Anglican Nuts and Bolts – Godparents

June 2016
I always look forward to meeting with people who would like to have their child baptized. One of the first things I ask them is if they have already chosen potential godparents. Some families already have a clear idea of who they would like to ask while for others, the decision takes some time to make.

The role of godparent has its origins in the role of the sponsor in the catechumenate in the early Church. The catechumenate was a time of preparation and study for someone who wanted to join the Church.

The role of the sponsor then was to attest to the integrity of the person, oftentimes an adult, seeking admission into the Church as well as to assist him during the catechumenate in preparing for the sacrament of Baptism. For young children, these sponsors would also make the Profession of Faith in the child’s name and accept the responsibility of instructing the child in the faith, especially if the parents were negligent in this duty.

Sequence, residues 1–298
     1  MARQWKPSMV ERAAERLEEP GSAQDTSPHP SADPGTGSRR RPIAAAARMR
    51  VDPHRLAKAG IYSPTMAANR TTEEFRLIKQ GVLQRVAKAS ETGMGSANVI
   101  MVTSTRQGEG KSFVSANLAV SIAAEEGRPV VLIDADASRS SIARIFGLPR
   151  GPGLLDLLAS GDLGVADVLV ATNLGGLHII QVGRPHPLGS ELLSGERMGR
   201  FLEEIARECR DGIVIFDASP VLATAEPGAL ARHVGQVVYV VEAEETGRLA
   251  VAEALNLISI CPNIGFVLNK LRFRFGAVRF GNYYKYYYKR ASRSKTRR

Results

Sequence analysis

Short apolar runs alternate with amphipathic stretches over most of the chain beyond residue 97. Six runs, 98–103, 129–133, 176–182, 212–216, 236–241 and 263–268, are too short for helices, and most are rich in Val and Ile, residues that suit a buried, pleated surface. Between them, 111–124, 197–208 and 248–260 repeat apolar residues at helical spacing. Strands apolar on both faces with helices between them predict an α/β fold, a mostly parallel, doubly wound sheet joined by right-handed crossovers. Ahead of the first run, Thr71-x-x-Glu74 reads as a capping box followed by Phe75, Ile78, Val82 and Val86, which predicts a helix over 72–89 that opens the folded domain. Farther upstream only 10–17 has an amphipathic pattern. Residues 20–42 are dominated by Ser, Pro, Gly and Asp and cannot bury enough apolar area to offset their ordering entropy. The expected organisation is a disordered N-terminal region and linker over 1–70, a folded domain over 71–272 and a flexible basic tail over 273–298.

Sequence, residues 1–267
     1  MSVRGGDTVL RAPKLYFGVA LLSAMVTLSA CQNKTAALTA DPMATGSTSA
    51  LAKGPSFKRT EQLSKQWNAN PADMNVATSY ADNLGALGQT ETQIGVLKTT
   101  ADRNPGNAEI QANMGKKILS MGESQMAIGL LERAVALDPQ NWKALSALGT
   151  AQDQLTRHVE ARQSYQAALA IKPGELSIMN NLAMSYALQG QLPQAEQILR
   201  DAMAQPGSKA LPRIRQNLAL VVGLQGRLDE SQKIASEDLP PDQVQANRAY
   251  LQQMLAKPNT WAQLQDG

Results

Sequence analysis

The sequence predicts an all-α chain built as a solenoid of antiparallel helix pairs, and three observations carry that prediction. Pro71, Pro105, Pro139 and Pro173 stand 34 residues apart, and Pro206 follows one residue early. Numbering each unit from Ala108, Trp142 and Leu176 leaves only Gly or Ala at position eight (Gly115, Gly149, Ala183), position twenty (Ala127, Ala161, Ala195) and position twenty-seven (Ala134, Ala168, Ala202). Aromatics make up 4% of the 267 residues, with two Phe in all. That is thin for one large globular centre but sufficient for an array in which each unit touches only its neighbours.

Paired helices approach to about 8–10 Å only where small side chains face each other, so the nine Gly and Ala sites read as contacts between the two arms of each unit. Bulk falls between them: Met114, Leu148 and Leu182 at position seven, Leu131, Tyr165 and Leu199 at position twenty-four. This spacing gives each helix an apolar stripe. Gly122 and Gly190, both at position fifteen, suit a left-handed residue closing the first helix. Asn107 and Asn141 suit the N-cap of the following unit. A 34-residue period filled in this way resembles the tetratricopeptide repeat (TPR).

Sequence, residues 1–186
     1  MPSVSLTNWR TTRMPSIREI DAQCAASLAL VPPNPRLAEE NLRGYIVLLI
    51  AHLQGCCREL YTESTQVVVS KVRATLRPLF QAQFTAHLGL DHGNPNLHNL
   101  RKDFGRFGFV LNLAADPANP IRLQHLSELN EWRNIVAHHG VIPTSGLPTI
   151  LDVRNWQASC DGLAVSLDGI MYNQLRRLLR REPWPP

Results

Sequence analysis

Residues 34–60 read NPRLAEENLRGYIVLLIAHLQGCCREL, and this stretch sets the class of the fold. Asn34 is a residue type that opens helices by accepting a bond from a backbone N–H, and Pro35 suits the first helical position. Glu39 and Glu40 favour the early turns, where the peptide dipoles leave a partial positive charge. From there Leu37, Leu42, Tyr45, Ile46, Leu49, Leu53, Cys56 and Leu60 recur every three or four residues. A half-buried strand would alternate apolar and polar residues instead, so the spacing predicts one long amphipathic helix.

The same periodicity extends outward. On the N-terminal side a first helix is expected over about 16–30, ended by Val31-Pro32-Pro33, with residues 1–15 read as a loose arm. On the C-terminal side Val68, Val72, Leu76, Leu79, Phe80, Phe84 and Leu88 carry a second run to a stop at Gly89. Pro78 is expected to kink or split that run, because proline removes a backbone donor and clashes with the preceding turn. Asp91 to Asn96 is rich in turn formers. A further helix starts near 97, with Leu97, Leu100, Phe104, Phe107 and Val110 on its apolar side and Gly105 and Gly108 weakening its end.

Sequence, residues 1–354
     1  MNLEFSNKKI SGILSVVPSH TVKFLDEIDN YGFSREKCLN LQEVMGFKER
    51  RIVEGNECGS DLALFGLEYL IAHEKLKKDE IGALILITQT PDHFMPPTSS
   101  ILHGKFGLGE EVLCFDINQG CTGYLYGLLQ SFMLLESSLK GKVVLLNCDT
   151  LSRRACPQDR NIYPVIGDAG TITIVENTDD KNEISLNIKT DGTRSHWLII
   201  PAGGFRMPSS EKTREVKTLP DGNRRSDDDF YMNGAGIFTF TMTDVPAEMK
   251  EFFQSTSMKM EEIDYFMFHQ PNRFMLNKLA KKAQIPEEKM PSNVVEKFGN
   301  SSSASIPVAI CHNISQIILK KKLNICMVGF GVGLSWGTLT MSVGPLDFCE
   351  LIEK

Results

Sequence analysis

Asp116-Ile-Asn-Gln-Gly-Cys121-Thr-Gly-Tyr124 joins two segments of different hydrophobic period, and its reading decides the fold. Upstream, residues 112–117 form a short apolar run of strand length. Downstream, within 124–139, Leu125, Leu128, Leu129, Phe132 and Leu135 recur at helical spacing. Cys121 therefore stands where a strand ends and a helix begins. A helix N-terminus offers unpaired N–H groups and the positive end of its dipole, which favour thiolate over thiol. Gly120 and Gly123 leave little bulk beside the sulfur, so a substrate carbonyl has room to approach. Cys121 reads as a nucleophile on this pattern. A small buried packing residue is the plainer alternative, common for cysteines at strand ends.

Around the year 800 AD, when infant baptism was truly the norm, these sponsors became known as “patrinus,” or “godfather.” Because of this shift in terminology, we usually identify the sponsor of a child for baptism as the godparent — godmother or godfather.

The responsibilities of the godparents should not be taken lightly. These include: 1) Giving one’s time to his or her godchild to talk to about the bigger questions of life – questions about hope, faith and love. 2) Modeling and encouraging his or her godchild to develop Christian values.3) Helping one’s godchild to learn more about the Christian faith, through their church and in other ways. This can include going to church with them, and helping them learn how to pray.

Needless to say, the role of the godparent is one of great responsibility. Yet it is also one which is deeply rewarding.